Ghan’s Java connection
St Georges castle in Elmina is said to be the oldest European building in sub-saharan Africa. Like many of the impressive forts that dot the coast of Ghana, it was used by Europeans to trade in gold and slaves. Many people know that, during the two and a half centuries of Dutch colonial presence there, thousands of slaves were shipped from the harbour to the Americas.
But hardly anyone in this bustling fishing village – or anywhere else for that matter – has heard about the Java connection. Radio Netherland’s Hélène Michaud attended the opening of the Elmina-Java museum in Elmina.
Descendents of the so-called Black Dutchmen weep as they realise the fate their ancestors narrowly escaped – a stay in the dark, cramped slave dungeons in St Georges castle, and, if they survived the long journey at sea, a life in servitude in the Americas.
Instead, the three thousand or so Black Dutchmen sailed eastwards, to Java. Most of them former slaves, they were recruited to serve as soldiers in the Dutch East Indies Army in the 19th century. Some returned to Elmina, but most settled in Java where they founded close-knit communities. Eventually almost all the Indo-Africans were repatriated to the Netherlands in the 1950s.
Known as Belanda Hitam, “Black Hollanders” in the Dutch East Indies, today they are scattered over four continents, but the Java connection is almost unknown in Holland and in Elmina – now a bustling fishing village.
With the opening of the Elmina-Java Museum, the saga of the Black Dutchmen comes full circle, for it was here on the Guinea coast that recruits embarked on their voyage to the Dutch East Indies.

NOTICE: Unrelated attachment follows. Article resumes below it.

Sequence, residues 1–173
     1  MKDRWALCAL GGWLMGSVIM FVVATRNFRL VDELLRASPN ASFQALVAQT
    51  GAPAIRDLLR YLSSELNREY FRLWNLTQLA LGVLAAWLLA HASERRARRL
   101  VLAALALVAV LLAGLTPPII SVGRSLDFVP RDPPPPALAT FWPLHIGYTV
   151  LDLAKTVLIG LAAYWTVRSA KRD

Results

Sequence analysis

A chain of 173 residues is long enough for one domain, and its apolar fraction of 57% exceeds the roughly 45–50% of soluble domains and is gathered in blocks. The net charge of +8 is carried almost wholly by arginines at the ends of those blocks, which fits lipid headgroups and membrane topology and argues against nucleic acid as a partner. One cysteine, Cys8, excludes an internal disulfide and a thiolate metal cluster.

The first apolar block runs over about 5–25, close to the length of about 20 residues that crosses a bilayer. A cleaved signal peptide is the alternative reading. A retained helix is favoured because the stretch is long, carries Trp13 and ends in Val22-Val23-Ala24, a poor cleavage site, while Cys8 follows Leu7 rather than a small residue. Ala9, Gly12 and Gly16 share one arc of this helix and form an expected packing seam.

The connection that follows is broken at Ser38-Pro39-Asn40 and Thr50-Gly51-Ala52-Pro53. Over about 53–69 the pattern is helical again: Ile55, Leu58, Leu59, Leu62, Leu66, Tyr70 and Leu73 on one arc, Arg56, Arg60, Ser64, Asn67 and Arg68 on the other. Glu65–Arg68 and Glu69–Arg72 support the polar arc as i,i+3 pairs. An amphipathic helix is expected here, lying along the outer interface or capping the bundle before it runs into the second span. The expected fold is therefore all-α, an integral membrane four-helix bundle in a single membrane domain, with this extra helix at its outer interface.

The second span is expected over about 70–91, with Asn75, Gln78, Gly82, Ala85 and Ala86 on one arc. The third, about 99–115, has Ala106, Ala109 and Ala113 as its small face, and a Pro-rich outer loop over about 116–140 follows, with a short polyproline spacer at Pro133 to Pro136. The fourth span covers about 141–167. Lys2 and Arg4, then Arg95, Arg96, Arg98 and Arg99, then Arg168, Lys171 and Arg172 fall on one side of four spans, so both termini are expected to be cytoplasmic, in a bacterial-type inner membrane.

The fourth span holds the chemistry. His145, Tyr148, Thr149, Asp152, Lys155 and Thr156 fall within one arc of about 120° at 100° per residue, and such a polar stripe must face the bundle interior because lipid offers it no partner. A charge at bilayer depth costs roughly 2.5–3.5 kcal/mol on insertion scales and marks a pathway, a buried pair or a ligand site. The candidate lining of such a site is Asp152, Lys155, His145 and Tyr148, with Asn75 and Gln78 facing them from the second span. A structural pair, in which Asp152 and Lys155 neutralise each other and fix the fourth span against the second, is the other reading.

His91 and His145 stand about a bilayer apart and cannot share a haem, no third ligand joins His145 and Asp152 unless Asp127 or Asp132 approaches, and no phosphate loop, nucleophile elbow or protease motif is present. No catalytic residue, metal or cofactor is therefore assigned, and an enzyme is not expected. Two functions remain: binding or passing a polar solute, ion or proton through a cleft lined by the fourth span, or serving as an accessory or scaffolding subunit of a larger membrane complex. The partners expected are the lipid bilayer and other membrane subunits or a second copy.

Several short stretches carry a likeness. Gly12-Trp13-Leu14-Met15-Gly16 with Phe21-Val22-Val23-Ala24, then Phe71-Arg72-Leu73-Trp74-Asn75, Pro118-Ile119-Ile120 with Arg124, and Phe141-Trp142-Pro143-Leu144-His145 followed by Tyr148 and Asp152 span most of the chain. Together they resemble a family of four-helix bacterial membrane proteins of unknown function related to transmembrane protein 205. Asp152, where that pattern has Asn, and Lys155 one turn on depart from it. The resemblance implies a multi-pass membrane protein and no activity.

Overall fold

For the first time in history, the main actors in the saga of the Belanda Hitam were reunited in Elmina, at the official opening of the museum on February 15, 2003. A group of six descendents of the Black Dutchmen were guests of honour, along with local chiefs and an envoy sent by the Ashanti King.
During The Netherlands’ 300-year relationship with Ghana, the Ashanti were important allies and important suppliers of slaves for the slave trade. They also delivered the men who were bought free by the Dutch and then enlisted in the colonial army in the East Indies, where they served to pay back their manumission. Whether this was a covert form of slavery is still matter for discussion. Certainly Great Britain, Holland’s biggest rival on the coast, thought so and protested frequently until 1872, when it took over Dutch possessions on the West African coast.
Tourism and education
The museum in Elmina is a gift of the Ulzen family from Ghana. Manus Ulzen was amongst the first Africans to volunteer to serve in the Dutch East Indies Army in 1832. He was wounded in fighting and returned to Elmina. But the Ulzens go back even further. Dutch historian Ineke van Kessel has managed to trace the Ulzen family back to Jan Ulsen who left Holland in 1731.
Ten generations later, Thad Manus Ulzen, now living in North Carolina, USA, wants to ensure that the story that wedded the fate of Elmina with the Dutch and the Ashanti kingdom will never be forgotten. The museum is a philanthropical endeavour that will support tourism and educational projects. The proceeds, the family feels, should be given back to the people of Elmina, where the story of the Belanda Hitam started.
For more information: radionetherlands.nl